Friday, January 18, 2008

health insurance

"everything else is tertiary, everything else is a lie."

overheard in the stairwell of my new apartment building, last night, not too late- 12:30. slightly drunk, saw s. she looked the same. and didn’t ask me at all about europe/afrika/israel travels. she is unemployed and possibly toxic.
she is having a party on saturday and marc is coming into town.

Thursday, January 10, 2008

ira

Spoke with Greg. Happy about Brooklyn. And the springtime.

I feel so spent, I couldn't form a unique thought if I tried.

These pictures are from Belfast. IRA cemetery / Belfast murals.














picures past

a long time ago.
mason's arm






in motion
video

Wednesday, January 9, 2008

brooklyn rail

i have an internship with the brooklyn rail.

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i visited riker's island with my mural painting class last spring. then i wrote about the experience for the new school paper.



MAY 2007

My visit to Rikers
-Emily Alexander

On Friday, April 20, 2007, at about 11:35 AM, I was admitted into Riker’s Island correctional facility along with five other Eugene Lang students. The purpose behind our visit to New York’s largest prison facility was meet with students attending the Island Academy High School. We discussed art and one particularly disturbing mural inside the halls of the prison.

Ella Turenne, Lang’s Director of Special Programs, who organized the visit, gave us a brief run-down on Riker’s do’s and don’ts before we left- security protocol, what not to wear, what topics to avoid, etc. My class, mostly young women, was told to wear loose-fitting clothes. We had originally intended to wear our bright orange Lang Mural Project t-shirts, but later received an emphatic email.
“...DO NOT wear the orange Lang Outdoors t-shirts,” it read. “Some of the incarcerated men's uniforms are bright orange. Any other colors are fine.”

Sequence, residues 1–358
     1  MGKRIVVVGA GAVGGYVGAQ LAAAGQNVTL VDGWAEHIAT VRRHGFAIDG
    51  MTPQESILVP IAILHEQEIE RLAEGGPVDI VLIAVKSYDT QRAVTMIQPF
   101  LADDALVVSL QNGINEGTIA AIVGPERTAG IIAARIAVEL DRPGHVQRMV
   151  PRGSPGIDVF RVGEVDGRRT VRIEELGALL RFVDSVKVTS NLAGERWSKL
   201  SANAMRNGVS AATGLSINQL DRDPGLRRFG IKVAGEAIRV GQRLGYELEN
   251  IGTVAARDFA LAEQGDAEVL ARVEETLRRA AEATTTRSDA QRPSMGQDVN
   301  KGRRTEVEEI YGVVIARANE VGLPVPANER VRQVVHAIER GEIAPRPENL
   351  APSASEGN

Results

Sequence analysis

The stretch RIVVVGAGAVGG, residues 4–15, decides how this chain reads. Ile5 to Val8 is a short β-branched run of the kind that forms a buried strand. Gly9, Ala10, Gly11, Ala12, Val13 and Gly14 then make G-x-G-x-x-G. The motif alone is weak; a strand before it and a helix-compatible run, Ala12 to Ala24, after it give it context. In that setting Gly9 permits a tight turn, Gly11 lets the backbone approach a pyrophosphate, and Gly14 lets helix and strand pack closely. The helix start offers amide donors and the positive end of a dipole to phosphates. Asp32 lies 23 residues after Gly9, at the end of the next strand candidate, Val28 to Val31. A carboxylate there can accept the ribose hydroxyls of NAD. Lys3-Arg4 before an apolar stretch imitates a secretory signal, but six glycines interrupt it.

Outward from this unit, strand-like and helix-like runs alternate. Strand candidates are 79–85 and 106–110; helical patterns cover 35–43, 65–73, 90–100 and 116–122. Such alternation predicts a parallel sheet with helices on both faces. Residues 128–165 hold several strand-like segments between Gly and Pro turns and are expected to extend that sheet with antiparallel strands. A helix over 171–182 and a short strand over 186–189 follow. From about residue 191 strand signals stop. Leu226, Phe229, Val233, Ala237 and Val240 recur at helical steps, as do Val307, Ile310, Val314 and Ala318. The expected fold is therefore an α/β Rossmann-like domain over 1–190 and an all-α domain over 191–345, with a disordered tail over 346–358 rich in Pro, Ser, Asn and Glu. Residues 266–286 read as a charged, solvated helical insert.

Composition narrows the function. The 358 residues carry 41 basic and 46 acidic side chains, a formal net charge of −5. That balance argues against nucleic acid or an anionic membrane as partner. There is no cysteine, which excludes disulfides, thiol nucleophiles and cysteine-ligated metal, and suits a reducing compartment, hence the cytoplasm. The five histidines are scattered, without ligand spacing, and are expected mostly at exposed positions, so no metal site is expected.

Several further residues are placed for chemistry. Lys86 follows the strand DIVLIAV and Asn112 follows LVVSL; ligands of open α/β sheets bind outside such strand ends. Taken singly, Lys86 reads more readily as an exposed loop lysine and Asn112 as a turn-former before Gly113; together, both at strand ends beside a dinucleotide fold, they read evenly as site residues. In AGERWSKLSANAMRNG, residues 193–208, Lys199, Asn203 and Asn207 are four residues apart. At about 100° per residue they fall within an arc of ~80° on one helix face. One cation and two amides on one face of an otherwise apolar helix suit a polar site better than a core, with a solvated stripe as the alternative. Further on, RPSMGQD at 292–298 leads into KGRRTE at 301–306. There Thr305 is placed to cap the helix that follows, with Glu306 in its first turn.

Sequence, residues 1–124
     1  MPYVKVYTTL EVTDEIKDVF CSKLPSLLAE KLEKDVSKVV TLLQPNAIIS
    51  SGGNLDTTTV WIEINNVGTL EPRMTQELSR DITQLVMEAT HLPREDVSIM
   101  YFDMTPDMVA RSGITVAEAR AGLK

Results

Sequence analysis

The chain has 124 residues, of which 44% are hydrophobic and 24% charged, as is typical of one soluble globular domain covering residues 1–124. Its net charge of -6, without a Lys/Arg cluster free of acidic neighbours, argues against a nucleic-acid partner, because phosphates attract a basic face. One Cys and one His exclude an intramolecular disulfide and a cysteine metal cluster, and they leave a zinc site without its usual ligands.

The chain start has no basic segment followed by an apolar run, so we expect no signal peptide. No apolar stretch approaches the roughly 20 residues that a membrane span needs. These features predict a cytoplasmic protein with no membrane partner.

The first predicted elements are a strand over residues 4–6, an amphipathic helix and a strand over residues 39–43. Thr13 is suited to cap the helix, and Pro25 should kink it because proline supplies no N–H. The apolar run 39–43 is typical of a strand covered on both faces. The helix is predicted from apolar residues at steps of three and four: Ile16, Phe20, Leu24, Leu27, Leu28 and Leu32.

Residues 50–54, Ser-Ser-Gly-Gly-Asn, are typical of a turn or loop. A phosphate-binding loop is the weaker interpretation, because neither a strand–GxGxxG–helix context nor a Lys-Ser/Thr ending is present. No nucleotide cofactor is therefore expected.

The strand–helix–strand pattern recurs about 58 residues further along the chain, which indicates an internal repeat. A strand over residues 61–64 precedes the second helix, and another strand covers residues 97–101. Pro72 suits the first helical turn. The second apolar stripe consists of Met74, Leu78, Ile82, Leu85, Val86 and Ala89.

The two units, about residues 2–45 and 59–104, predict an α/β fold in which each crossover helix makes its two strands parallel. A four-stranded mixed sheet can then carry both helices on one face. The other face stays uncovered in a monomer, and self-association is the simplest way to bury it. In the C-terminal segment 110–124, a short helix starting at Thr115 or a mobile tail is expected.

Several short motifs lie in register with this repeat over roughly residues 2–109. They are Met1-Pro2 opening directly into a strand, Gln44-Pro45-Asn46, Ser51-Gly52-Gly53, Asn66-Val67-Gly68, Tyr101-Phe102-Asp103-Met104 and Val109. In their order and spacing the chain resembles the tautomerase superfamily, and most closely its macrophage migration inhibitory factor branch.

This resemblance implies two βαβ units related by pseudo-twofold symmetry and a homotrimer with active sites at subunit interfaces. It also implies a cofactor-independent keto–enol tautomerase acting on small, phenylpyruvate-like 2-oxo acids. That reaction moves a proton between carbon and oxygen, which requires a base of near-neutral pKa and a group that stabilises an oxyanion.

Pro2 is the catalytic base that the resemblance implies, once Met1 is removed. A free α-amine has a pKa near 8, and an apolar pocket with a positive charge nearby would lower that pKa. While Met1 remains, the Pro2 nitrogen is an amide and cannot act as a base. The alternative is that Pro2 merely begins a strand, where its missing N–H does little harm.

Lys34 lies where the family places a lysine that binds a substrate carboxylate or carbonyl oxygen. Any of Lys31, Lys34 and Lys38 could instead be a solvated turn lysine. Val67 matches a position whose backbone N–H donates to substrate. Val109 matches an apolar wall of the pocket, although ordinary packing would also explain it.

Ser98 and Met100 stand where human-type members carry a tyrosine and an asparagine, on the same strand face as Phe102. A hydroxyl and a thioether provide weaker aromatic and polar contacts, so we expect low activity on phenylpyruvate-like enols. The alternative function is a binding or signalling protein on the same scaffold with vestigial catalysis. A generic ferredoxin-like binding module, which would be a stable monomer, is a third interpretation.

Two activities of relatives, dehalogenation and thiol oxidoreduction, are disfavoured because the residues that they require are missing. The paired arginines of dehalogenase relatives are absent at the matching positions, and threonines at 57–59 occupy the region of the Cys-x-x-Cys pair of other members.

We rode the F uptown to Astoria and transfered to the Q101R bus to the end of the line.

Checking into prison is a slow process, after arriving and putting our things into lockers, we waited in the first holding room for close to an hour. My class and I watched as countless police officers in street clothes, guards, visitors, and janitors in prison uniforms walked by. To pass the time, in an exercise of poor taste, we discussed our own brushes with the law.

After clearing security and receiving blacklight stamps on the backs of our hands we waited for the Rikers bus to the high school. Island Academy looks exactly like all of the other prison buildings: a massive thundercloud-grey block with very few windows and surrounded by razor wire. The school’s assistant principal, Mr. G, led us through a second security checkpoint and gave us a tour. There was a thick black line painted down the center of the hallway, prisoners must always stay on the right side of the line, shoulder touching the wall. Painted in bright colors on the brick walls were several patronizing, elementary styled murals of smiling cartoon teenagers walking on a curvy sidewalk towards a giant diploma.

It wasn’t until nearly the end of the hallway we found the mural we had come to discuss. The painting depicted a young man kneeling beneath a razor-wire fence, he is trying to climb out. The man is dissected in two halves; his left half is dressed in a traditional olive-colored prison uniform and his right half, the side closest to the reaching out of the fence, is dressed in military camouflage with a mask and night vision goggles concealing his face. The title of the mural is “Choose Your Green.”